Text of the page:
However, just because our parental figures want the best for us doesn’t mean they know what is the best for us. No one knows you better than you. You could wake up every day and change what it is you want to do with your life, so how could anyone else, other than you, know what is best for you?
Are your parents clairvoyants?
Can they see into the future?
Assuming the answer is no (hey, you never know what’s out there), know what it is you want before asking your parental figures for advice or guidance. Having a plan already set in our heads will keep our focus and allow any negative responses to be washed under the rug.
- They’re people too
On any given day, a vast majority of the listening that we do is of other people telling us about themselves, whether it be the creepy homeless guy telling you a sob story to get some change or a significant other telling you how they will literally kill you if you make that noise again. Part of that listening is reacting to the information you’re getting, like holy sh*t I better run they’re really going for that knife!
Parental figures are no different. They are reacting to the information we are given them and determining how this information is going to affect them.
For example, if you tell your parental figures that you’ve had enough of the dog pooping on your clothes and are moving to Tahiti, naturally most parental figures would freak out because they might not see their child again for a long time, the same way we might freak out if our best friend was joining the military or buying a one way ticket to Uranus. This may cause their response to try to deter us from making the decisions that we’ve already made.
Understanding that our parental figures are people too and that they will take our decisions and react to how those decisions will affect their lives will help us to filter the responses we receive from them before changing our decisions.
- They may have ulterior motives
Ya know, as much as we like to think that they aren’t, movies are fake and a lot of what occurs in movies is either highly unlikely or utterly ridiculous. All of those romantic comedies where girl meets boy or those dramas where a man crosses the world fighting ninjas to get the girl, none of that stuff ever happens. Life ain’t a movie.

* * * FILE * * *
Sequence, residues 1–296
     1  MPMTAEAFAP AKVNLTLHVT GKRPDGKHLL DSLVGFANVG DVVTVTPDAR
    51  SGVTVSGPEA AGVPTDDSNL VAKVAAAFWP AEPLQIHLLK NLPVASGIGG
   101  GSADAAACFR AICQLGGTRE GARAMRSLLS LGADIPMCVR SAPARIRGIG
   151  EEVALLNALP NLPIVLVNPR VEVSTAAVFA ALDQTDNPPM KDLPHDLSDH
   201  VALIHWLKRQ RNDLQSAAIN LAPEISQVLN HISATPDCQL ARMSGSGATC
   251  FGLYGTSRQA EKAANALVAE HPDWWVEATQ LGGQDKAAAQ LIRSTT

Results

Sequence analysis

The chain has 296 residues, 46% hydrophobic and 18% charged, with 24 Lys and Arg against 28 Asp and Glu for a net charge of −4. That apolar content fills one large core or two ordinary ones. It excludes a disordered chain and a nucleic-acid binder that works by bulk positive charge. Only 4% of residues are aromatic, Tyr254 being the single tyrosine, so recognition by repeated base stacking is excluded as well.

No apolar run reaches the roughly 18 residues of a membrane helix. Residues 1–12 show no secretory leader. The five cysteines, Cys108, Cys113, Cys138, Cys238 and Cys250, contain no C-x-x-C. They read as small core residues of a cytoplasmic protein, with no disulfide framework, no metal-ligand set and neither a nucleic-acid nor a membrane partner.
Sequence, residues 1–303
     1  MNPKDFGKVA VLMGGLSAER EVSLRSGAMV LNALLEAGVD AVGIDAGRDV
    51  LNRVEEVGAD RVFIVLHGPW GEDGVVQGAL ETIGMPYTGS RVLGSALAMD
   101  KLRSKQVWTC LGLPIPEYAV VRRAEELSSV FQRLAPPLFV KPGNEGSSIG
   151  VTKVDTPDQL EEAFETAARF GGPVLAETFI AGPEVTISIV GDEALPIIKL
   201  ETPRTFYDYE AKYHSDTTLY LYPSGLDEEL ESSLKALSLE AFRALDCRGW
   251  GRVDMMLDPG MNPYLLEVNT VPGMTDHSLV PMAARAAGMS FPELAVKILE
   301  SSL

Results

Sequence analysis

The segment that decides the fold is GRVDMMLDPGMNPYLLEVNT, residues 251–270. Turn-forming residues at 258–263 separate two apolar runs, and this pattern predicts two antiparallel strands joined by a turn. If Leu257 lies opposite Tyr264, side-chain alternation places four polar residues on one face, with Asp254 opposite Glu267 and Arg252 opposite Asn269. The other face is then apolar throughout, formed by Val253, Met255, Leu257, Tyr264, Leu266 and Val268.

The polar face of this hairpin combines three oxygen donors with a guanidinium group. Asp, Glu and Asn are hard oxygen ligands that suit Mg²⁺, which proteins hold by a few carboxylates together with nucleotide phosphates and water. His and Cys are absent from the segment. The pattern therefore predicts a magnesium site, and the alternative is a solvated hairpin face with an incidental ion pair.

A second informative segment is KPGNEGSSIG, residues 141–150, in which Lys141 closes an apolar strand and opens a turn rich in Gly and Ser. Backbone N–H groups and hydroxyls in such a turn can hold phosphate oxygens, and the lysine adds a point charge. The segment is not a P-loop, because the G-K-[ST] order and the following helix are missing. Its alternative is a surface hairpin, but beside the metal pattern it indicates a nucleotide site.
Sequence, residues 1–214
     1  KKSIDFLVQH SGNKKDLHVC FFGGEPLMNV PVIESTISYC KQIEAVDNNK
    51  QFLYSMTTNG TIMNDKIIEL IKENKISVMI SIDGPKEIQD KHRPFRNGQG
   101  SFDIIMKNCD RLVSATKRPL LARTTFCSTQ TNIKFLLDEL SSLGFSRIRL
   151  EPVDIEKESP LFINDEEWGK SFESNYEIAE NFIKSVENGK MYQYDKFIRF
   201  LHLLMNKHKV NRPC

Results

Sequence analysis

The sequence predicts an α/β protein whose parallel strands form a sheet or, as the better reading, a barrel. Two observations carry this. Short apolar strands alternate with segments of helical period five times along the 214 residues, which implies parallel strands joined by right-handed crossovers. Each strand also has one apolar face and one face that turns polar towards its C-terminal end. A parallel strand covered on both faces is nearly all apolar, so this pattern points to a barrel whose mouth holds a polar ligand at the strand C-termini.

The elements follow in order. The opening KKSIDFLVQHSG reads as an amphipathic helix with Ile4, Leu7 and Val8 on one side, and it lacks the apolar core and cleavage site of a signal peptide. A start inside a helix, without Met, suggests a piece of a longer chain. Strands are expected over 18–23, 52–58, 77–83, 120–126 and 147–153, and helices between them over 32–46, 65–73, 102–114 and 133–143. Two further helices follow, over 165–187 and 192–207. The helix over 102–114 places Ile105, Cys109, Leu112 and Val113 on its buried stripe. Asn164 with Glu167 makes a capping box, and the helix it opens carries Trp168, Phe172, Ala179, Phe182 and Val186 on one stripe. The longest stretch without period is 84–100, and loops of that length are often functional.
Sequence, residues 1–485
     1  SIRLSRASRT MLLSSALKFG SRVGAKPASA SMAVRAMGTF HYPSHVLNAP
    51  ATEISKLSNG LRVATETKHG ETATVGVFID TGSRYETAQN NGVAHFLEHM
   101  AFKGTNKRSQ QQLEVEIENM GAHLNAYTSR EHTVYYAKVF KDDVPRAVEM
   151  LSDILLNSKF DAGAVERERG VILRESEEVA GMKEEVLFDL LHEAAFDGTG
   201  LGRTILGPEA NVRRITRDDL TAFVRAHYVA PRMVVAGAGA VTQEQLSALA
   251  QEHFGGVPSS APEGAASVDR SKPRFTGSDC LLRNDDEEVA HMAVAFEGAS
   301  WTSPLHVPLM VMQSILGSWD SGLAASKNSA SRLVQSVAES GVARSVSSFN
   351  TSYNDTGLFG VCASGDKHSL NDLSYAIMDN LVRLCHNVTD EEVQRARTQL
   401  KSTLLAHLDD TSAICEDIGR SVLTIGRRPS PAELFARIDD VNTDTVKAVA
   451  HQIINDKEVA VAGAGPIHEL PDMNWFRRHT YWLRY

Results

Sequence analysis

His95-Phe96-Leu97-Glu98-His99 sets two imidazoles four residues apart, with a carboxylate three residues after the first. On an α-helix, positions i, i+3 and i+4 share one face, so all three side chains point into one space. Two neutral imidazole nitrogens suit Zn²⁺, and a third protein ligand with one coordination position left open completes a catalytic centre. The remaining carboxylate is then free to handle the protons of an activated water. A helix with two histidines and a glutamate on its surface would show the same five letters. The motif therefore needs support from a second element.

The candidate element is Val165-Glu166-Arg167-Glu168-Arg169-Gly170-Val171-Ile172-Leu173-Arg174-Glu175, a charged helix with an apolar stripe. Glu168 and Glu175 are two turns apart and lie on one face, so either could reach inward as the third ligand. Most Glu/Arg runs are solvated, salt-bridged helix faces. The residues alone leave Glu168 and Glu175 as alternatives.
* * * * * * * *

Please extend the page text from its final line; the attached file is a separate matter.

So when the main character in a flick goes to a family event and people start asking them “So when are you getting married”, “When are you going to settle down”, and “When are you going to have kids?”, we remember it’s just a movie and our folks don’t actually ask that right?
They totally do! And it’s totally uncomfortable and awkward and we definitely spend the whole day thinking about it after they ask!
These kind of questions have been scaring us for generations, but it’s important to remember that most of these questions are more about what our parental figures want than what we want.
Maybe you want kids and they want grandkids, but they’re not the ones who have to raise them.
Maybe you want to get married and they don’t want you to be single living in their basement, but they don’t have to spend every day with the person we decide to settle down with.
Let’s not let these questions fool us. Although these questions may be “necessary”, our parental figures are thinking more of how these decisions will change their lives instead of how much they will change ours.
- They can’t always relate to your situation
I’m just going to be straight up with this one. My father has never owned a cell phone and has a collective phone book in his head of maybe 10 numbers. This is not a joke.
So, if I was going to buy a cell phone, would I ever ask my father for advice? Of course not.
Such is true for anything that has changed from the time our parental figures were born to the time we’ve been born.
My parents never had texting, or social media, or EDM music, or Angry Birds or massive college loans or trap queens or any of that!
They grew up in a time with disco and when you could be 18 to drink (jealous). They grew up in a time where sitting around listening to the radio as a family was an acceptable Saturday night.
The times have changed, so the point is, we can’t always ask our parents for advice about what’s occurring in our lives today because they simply don’t have the experience of living in the times that we’ve lived in.
With that said, parental figures can have a lot of good advice and can assist us tremendously in our journey, but I think it’s important to remember the above notes and keep these in mind whenever a conversation heads for a life chat with the folks.